It was a cold night in November '78 when the Bondo Bus died. From infancy, when the disabled 1967 Ford Econoline van hobbled into its stall for repair, through the engine rebuilding, paint stripping, interior transformation that made this junker into a mean machine. Across the Arizona desert for a Thanksgiving test drive resulting in the thrown-rod disaster, only to rise like a Phoenix from the ash tray to launch the 5000 mile adventure of my youth – across the continent (with girlfriend, dog and guitar). In spite of the flat tires, electric failures and dissolution of the romance, it took only 5 seconds to thoroughly demolish the car. For the final 100 feet, the Bondo Bus slid down the icy road until the ass-end of a Boulder city bus totaled us cold. Obscenities, fear, impact, shock, each reaction following the next in nerve-wracking fashion. I have been through this sequence before – the split second death of a dream made ever-so-real by the sound of breaking glass, mangled steel and before my eyes, the snapshot of the front passenger seat disappearing in the instant of collision. After the shattered windshields are swept away, tow trucks arrive and the police reports taken. All parties disperse. I'm off in search of a hamburger and the solitude of Andrew's office. Once the shock wears off and a few days pass, all things aside, I'm still in need of a car. The contemplation of these few days produces some great results – I've hocked my father's life insurance policy for some quick cash, reconsidered my inadequate winter driving skills and found a bargain on a '73 Dodge Swinger with 3-on-the-tree and a hefty V-8. The salesman at Broomfield Rentacar sealed the deal on this car – "It's a dinosaur. If someone hits you, it's their problem." I agree. 'It's a Hulk,' I mused. The car reminds me of my friend, Lou. Later on, I would cut out a photo of the Hulk and paste this image to the headliner interior roof – an image of strength and invincibility. Little did I know, I would need his help yet again. On a sub-zero day on a lonesome country road, the second accident came a year later. As I turned into the driveway, I hadn't seen the speeding motorist approaching on the ice slick road. Here's my incident report:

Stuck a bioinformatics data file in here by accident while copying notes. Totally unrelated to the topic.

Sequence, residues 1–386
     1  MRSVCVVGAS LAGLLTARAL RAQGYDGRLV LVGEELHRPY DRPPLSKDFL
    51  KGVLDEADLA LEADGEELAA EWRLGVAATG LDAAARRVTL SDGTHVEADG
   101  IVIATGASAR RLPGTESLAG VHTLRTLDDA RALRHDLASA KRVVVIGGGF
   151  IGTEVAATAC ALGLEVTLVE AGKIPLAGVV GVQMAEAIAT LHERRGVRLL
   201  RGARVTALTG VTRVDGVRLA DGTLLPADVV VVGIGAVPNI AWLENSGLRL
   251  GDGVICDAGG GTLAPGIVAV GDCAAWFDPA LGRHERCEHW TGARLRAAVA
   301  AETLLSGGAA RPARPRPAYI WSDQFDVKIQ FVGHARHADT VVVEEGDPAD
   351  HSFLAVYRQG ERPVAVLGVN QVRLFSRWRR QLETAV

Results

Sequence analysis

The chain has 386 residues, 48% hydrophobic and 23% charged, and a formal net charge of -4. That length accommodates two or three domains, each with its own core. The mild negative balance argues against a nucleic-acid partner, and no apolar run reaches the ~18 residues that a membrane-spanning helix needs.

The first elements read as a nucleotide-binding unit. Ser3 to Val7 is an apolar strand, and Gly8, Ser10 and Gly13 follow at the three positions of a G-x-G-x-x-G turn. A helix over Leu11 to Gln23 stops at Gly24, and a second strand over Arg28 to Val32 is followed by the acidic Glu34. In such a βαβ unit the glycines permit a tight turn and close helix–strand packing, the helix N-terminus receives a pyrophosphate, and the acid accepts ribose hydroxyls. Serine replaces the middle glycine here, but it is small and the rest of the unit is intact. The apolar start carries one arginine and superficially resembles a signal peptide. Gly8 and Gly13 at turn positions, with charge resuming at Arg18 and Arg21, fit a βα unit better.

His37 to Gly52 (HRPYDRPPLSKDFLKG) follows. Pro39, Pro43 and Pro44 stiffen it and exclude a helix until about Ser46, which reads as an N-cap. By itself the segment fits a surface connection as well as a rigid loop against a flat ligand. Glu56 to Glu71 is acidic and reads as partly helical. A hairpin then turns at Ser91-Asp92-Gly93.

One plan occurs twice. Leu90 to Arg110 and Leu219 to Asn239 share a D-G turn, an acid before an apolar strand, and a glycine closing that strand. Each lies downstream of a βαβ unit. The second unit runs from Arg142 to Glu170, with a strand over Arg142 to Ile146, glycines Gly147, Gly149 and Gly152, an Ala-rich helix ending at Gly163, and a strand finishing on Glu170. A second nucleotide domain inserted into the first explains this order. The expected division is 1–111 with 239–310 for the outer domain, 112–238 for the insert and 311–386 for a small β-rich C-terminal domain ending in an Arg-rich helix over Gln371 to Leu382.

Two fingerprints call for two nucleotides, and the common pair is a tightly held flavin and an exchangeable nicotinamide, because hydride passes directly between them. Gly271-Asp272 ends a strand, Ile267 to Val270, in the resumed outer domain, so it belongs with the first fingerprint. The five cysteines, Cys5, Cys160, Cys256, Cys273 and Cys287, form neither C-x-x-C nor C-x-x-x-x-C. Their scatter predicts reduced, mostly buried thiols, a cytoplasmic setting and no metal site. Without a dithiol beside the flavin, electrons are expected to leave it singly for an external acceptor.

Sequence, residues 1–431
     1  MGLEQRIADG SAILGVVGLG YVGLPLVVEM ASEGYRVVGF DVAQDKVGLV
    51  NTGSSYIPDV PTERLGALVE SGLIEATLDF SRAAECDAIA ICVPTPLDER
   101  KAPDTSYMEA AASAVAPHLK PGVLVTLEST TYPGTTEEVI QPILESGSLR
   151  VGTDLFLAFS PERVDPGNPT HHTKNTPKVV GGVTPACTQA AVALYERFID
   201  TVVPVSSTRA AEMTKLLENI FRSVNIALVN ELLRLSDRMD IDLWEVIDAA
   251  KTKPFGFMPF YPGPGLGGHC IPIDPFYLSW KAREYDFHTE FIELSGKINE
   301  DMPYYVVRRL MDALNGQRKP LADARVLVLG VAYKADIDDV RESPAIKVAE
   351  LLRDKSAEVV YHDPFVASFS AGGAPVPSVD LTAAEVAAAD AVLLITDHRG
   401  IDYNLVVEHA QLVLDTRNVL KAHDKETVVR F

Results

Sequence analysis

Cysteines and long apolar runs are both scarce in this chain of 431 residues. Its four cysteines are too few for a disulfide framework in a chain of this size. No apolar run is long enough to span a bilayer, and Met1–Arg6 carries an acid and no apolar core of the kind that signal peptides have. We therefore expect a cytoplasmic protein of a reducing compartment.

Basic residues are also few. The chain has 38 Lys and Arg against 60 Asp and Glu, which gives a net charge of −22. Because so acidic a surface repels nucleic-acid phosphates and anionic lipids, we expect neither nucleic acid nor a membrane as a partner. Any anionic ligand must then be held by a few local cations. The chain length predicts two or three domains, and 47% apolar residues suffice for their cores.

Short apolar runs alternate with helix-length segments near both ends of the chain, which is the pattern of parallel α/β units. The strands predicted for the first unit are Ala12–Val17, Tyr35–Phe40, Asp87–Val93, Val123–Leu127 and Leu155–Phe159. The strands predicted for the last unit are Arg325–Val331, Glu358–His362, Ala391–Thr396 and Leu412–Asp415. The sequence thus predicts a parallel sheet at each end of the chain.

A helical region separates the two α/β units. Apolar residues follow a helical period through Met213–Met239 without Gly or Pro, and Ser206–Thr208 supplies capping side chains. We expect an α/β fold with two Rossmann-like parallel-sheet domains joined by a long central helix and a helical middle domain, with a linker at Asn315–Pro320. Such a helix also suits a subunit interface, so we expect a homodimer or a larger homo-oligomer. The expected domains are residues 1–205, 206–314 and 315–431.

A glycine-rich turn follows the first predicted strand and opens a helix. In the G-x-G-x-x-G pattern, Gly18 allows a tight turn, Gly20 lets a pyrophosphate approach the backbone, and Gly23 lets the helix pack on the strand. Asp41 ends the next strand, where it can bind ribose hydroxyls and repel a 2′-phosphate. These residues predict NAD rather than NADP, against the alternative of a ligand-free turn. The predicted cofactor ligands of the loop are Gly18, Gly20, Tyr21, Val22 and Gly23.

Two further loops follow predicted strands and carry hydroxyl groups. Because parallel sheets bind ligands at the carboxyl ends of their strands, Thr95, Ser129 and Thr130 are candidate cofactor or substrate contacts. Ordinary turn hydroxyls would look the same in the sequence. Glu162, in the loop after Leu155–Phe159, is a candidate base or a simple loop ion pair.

Know why I'm crying? My car's twisted iron. Got a fender that looks like a crushed cola can. Smacked a Honda Accord right in front of my door. Now it's a Honda Accordian.
Unlike the first accident, I was just lucky enough to survive the second crash with a minimum of bills and bruises. Lou rebounded from the hit and soon after, we were wheeling around on the Colorado highways once again. I felt safer now, experiencing the resurrection and freedom from another automobile demolition. Little did I expect that a reunion with my celebrity friend was right around the corner.